fbpx
Click here for the latest banking information on COVID-19

ABA calls for public views on credit card use in gambling

5 December 2019

Today the Australian Banking Association has released a consultation paper on the use of credit cards for gambling.

Banks have introduced a range of initiatives to help customers better manage their financial arrangements and mitigate harms related to problem gambling – technology solutions such as tools to help customers track their spending, customer directed blocks, trained customer support teams, referrals to support services.

The ABA is seeking views from the public on the place of a credit card and its use for gambling. Currently credit cards can be used when gambling online, however when in a gambling venue of a licenced venue or casino patrons cannot use credit cards or make ATM cash advance on their credit card.

CEO of the Australian Banking Association Anna Bligh said that banks had an important role to play in helping tackle the issue of problem gambling and were seeking feedback from the community.

“For many Australians gambling is a form of entertainment and recreation, however for some it can become a problem that potentially has devastating consequence for the individual and their family,” Ms Bligh said.

“As an industry we are currently assessing a number of options to help tackle problem gambling.

“We are seeking feedback across the community on a number of important questions, which will then help banks as they each consider further reform on this issue,” she said.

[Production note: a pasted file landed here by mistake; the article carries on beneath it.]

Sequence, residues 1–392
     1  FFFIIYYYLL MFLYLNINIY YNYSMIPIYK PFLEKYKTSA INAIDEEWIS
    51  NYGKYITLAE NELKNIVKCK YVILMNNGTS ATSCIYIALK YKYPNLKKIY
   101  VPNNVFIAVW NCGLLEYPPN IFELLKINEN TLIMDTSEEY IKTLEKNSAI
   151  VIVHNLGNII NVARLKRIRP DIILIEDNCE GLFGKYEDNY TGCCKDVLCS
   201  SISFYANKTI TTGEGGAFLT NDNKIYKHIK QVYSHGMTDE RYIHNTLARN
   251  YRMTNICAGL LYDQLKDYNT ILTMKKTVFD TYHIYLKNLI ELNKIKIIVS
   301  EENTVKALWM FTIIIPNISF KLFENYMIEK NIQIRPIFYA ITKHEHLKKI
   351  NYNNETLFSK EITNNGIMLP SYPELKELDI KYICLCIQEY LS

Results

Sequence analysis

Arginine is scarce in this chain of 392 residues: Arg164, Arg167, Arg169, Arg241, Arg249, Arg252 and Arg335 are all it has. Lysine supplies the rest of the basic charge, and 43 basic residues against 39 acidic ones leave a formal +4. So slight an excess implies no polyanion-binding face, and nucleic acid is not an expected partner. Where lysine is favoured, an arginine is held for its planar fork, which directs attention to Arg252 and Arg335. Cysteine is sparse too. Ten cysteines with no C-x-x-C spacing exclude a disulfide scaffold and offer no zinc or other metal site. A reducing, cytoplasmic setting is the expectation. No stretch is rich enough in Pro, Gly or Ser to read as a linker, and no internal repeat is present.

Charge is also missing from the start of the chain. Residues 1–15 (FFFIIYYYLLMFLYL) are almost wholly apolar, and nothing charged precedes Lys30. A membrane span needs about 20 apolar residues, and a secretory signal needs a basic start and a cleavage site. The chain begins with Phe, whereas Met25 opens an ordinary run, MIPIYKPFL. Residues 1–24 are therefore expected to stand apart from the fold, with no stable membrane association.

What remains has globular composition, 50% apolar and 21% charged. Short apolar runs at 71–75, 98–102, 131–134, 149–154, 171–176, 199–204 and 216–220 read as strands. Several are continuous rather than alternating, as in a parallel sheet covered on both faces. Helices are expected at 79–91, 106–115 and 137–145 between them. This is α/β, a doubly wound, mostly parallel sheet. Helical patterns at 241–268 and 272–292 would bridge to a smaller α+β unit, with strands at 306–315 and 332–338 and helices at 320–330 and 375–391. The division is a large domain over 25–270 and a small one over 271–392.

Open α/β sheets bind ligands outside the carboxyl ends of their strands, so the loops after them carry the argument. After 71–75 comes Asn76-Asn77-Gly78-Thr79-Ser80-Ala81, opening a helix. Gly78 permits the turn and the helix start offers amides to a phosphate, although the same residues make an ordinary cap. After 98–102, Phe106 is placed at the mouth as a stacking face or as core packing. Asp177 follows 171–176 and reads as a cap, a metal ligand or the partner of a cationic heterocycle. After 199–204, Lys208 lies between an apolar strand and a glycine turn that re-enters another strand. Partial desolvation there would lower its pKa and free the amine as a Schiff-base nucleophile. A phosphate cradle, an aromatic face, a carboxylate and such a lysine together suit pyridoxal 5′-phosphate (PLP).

The ABA is seeking community views on the following questions:

  1. What are the risks and concerns associated with gambling with credit cards?  
  2. Should the use of credit cards for gambling be restricted or prohibited?
  3. If so, should the restriction or prohibition apply to all forms of gambling?
  4. What are the potential consequences of prohibiting or restricting the use of credit cards for gambling?
  5. Should there be a transition period if banks choose to implement changes relating to credit cards?

For a copy of the consultation paper click here. Submissions on the topic are due by March 4, 2020. Submissions can be emailed to submissions@ausbanking.org.au. The ABA requests that submissions make use of empirical evidence as far as possible. A survey option is also available on the ABA website here.  

ENDS
Contact: Rory Grant 0475 741 007


Where credit cards can be used for gambling

Current state (based on current regulatory requirements)
Online and betting apps (facilitated by Tabcorp and Responsible Wagering Australia members)Credit cards – Yes
In February 2018 the Federal Government prohibited online gambling operators from offering credit to gamblers as part of the National Consumer Protection Framework for Online Wagering
Poker machines (in clubs and licensed venues)No credit cards or access to cash advances through ATMS in gambling areas (see appendix 1 for details)
CasinosNo
High roller rooms in casinosCasinos extend lines of credit from their own credit facilities to their customers in VIP rooms, but they do not provide credit cards in those areas
On-track – horse racing and greyhound racingNo credit cards or access to cash advances through ATMS in venue
Lottery tickets/online and in-venueCredit cards – Yes
TAB outletsCredit cards – No

Latest news

1 / 3
Op-Ed
Efficient and Responsible: Getting the Lending Balance Right
25 November 2020

Access to credit opens up opportunities and fulfills aspirations. Getting it right requires the right balance between consumer protections and the flow of credit.

Read more
Transcript
TRANSCRIPT: ABA CEO Anna Bligh on ABC Radio’s AM 18 November “a chance to get back on their feet”
18 November 2020

Interviewed by AM’s Peter Ryan, ABA CEO Anna Bligh talked about the substantial drop in loan deferrals since their peak during the pandemic, falling from 900,000 to 300,000.

Read more
Media Releases
Majority of deferred loans back on track
17 November 2020

The number of deferred loans has fallen below 300,000 – a reduction of almost 70% since the peak earlier this year.

Read more